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Farms spruce up for spring

NZR agent Blair Stevens has just launched the marketing of Patakanui, a 306ha finishing block in Martinborough. PHOTO/SUPPLIED


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Some of Wairarapa’s rolling pastures are expected to be up for sale as the season for farm listings loom.

After a lucrative autumn season, and after the expected lull over winter, two Wairarapa rural real estate agents are expecting a busy spring.

There were 65 farms sold in the eight months to the end of August — 30 of which were sold in autumn.

In March, the median sale price for farms across Wairarapa, including Tararua, was $1.75m, according to REINZ rural data released on Wednesday.

However, only one farm was sold in the region in August.

Most farms come on the market in the next few weeks when spring weather boosts the appearance of farms, and farmers have got through lambing and calving.

The aim is to have a result by Christmas.

Sheep and beef farmers typically take over in February to claim the full income from the lamb crop and for dairy farmers the takeover is typically June.

Masterton-based Patrick & Scott Real Estate principal Andy Scott said he saw an influx in farm sales from January to April this year.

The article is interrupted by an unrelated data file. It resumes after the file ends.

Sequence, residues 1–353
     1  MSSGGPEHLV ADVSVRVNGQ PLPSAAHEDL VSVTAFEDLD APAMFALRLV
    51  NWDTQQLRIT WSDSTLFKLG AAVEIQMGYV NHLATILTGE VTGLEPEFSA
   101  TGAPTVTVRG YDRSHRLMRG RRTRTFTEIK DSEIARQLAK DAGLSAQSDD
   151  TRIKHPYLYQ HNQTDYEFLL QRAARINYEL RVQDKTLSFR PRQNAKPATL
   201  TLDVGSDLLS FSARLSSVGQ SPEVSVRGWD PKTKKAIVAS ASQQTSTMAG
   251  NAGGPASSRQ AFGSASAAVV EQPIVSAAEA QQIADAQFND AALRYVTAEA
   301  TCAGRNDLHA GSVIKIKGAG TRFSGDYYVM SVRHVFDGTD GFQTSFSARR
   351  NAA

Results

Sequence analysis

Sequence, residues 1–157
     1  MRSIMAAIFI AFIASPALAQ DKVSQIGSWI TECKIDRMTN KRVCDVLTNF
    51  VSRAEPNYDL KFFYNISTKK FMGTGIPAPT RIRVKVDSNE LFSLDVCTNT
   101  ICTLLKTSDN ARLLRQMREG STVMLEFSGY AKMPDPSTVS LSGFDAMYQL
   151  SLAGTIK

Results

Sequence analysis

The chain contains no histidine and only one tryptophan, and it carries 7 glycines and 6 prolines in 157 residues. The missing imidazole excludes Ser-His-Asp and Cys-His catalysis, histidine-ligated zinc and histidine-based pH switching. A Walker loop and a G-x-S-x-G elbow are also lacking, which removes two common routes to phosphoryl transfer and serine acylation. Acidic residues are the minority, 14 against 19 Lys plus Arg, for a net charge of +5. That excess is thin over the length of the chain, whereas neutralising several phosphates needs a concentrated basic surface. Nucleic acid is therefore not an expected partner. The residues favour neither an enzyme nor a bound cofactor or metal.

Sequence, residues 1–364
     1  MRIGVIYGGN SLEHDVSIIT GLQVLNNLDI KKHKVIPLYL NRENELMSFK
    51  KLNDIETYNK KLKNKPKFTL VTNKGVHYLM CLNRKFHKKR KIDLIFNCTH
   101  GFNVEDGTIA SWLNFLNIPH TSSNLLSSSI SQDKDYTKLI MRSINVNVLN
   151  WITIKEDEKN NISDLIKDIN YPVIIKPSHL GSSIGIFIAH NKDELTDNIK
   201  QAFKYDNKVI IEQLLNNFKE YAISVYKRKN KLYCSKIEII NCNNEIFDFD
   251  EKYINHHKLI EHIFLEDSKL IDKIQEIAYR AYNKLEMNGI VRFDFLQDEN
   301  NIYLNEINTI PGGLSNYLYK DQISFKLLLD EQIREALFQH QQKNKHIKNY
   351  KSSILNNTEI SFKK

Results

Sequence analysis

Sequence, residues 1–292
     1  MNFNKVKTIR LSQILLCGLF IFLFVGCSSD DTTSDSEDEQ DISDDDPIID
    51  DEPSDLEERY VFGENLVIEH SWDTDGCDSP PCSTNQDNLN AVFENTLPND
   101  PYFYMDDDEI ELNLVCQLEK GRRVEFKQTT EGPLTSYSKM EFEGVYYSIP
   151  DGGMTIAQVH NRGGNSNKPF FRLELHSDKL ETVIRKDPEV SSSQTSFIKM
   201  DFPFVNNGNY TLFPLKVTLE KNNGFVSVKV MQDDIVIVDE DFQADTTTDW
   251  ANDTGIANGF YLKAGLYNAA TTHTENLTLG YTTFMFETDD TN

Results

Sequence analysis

All were different circumstances, but farmers looking to retire was a common reason, he said.

“The rural economy is ticking along pretty nicely – there’s an increase in activity and there are people out there wanting to buy,” Mr Scott said.

Traditionally, land values in Wairarapa were lower than other traditional areas in the country, he said.

“Wairarapa is quite a conservative area as far as sales go and when we do market them, we get a lot of interest,” Mr Scott said.

“We marketed one in Mauriceville last year and it was sold to a buyer from Taupo.”

Mr Scott said Tararua turns over more farm sales due to the number of dairy farms in the district.

“From Eketahuna to Norsewood, there is some marginal country in there. It comes a bit cheaper but turns over a bit more.”

Thirty-six farms were sold in the Tararua District over the past eight months, with a median price of $1.35m.

Wairarapa NZR real Estate agent Blair Stevens has been involved in the rural sector as a rural banker and registered farm valuer for about 20 years, and said the recent autumn has been his busiest period yet.

“Things are looking better this coming spring, as far as dairy farming and the payout is concerned.

“There seems to be a wee bit of excitement and hype in the sheep and beef market too,” Mr Stevens said.

Up until about two years ago, Wairarapa had strong interest shown by South Island sheep and beef farmers who had generally sold to dairy farming interests and bought larger sheep and beef farms in the region.

While this hasn’t been the case recently, Mr Stevens suspects that if the dairy farm market lifts again, this trend could reignite.

That coupled with other positive signs in the sheep and beef industry could bring a “reasonably strong market this spring”.

Mr Stevens said there is a mix of buyers in the market.

Last autumn, of the five sizeable units he sold, an Aucklander bought one at Tora, an American bought a coastal property, and three went to local farmers.




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